The House of Representatives passed the For the People Act on Wednesday, a bill for election reform and the stripping of voting restrictions. Meanwhile, on Tuesday, the Supreme Court heard the Brnovich v. Democratic National Committee case that challenges Arizona’s voting limits. These two processes have the potential to change the course of voting rights in the United States.
The 2020 elections prompted situations that revitalized discussions around the right to vote. Voting rights activists such as Stacey Abrams from Georgia whose work directly impacted the outcome of Senate races, and possibly the Presidential elections results, and the allegations of election fraud from former President Donald Trump and supporters sparked debates over election reform and voting rights.
The country is seeing those conversations turn into action as they reach Federal affairs. The For the People Act advanced to the Senate where it faces an unlikely fate. The bill would lift restrictions from federal elections mail and early voting, require states to automatically register citizens to vote, and restore voting rights to felons with completed sentences. Democrats vastly support the bill’s agenda to make voting more accessible, while Republicans oppose, arguing that it sets opportunities for voter fraud.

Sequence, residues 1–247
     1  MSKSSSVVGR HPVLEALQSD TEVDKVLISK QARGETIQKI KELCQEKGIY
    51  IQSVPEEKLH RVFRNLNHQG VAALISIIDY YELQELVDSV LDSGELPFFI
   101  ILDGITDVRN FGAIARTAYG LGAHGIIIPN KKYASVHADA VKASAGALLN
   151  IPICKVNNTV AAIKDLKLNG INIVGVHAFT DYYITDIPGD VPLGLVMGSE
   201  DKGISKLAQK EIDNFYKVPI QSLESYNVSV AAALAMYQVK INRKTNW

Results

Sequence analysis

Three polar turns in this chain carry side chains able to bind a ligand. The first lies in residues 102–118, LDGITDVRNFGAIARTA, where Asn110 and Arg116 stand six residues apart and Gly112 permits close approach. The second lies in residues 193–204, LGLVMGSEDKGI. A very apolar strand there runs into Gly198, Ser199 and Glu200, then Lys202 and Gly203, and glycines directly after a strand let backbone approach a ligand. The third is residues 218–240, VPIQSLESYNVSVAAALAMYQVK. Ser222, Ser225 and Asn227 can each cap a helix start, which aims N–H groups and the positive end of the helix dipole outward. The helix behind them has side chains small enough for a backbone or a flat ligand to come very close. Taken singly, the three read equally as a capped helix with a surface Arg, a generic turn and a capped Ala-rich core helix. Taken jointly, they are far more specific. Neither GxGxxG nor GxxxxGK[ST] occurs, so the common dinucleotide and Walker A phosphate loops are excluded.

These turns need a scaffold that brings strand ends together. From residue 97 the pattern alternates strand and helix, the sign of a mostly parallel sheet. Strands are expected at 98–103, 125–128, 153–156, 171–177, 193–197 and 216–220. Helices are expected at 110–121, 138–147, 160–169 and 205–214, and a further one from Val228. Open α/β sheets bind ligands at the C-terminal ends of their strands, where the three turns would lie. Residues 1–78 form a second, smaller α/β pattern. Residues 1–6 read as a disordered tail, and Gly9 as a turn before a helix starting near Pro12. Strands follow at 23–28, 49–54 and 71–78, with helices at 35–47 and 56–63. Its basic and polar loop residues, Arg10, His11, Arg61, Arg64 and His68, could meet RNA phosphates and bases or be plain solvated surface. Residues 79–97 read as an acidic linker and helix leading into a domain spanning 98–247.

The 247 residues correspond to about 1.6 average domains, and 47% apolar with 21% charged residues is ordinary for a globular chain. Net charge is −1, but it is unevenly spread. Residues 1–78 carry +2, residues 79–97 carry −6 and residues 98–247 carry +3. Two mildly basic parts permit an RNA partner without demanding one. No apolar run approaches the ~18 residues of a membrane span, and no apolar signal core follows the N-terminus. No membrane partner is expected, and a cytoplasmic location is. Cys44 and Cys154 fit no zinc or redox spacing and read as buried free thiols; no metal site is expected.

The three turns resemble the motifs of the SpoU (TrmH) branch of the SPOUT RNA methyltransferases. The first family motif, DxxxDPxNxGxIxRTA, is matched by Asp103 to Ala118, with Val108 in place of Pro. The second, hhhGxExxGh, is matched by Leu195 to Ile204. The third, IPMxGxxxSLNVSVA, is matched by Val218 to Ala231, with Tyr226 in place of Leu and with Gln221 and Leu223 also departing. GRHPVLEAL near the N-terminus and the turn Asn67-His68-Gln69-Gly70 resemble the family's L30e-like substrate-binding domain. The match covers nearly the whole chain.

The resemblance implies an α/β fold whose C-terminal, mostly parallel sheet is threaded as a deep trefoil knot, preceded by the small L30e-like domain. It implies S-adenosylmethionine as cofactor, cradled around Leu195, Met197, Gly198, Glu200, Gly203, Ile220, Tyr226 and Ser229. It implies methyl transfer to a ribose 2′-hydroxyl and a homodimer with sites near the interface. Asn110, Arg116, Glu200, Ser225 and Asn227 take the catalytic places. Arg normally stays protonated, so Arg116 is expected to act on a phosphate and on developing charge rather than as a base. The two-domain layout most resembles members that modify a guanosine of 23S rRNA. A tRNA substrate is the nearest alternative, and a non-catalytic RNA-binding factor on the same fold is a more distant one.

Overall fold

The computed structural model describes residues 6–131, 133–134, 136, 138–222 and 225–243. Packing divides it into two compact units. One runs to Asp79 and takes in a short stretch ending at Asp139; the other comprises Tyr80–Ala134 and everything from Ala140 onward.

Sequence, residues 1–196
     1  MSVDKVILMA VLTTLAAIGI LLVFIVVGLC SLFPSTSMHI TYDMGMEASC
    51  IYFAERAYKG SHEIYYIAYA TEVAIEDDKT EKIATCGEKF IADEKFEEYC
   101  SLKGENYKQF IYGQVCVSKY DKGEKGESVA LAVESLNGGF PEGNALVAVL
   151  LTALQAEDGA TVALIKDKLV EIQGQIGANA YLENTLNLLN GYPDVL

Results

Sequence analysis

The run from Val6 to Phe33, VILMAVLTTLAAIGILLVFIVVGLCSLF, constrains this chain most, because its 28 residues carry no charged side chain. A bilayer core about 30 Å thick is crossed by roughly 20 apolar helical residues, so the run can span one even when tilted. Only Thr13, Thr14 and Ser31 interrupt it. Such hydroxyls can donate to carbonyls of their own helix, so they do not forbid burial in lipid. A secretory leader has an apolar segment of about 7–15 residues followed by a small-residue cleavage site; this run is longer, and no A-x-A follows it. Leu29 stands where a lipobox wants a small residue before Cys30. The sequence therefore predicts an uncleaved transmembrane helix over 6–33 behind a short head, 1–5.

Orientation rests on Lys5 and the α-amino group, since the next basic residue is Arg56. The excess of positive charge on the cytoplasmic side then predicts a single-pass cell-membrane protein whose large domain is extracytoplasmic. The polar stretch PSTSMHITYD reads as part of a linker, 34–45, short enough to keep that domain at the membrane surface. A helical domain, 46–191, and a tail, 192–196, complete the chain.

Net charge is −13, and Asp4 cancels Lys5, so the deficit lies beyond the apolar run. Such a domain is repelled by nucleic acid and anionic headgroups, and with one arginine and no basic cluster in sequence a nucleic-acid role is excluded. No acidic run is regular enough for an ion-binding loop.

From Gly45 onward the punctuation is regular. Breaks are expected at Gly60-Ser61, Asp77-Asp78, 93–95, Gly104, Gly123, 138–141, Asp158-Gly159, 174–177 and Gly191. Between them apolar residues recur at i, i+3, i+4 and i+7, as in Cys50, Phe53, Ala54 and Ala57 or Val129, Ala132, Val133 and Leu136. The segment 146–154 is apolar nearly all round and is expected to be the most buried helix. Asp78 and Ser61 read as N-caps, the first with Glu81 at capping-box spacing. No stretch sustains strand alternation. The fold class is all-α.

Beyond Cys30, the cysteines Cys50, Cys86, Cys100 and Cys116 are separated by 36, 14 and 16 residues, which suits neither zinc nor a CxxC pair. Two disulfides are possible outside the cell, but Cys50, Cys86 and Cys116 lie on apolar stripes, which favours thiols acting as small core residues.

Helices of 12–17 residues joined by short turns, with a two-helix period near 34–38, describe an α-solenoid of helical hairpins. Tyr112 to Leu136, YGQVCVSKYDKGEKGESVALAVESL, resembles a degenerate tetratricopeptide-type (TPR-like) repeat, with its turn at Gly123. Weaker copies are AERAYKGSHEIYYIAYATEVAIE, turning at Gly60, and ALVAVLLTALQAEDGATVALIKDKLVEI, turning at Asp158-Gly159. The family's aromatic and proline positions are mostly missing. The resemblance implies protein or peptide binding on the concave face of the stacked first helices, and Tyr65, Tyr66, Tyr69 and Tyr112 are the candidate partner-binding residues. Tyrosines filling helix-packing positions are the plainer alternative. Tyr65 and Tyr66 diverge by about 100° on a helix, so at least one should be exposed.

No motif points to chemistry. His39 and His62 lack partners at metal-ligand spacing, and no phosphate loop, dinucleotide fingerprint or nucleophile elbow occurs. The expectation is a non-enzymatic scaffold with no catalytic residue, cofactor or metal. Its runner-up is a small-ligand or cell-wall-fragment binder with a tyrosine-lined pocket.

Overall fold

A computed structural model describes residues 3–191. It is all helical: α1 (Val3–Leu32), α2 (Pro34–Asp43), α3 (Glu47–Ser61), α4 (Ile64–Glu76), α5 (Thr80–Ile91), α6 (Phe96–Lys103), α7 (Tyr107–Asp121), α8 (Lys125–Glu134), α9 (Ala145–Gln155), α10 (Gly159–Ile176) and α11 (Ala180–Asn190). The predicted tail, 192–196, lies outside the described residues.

With an evenly split Senate, Democrats’ find themselves in crossroads between upholding the filibuster, a Senate rule that requires 60 votes to pass a bill, rather than a simple majority of 51 votes, or a chance for turning the bill into law by eliminating such rule, which they have the power to do.
Meanwhile, the conservetive-leaning Supreme Court seemed prone to uphold Arizona’s restricting voting laws in a case regarding Section 2 of the Voting Rights Act, which protects citizens from voter suppression on account of race or color. The interpretation of such sections from the highest court’s decision will impact future attempts to challenge voting limits around the country. A decision is expected by June.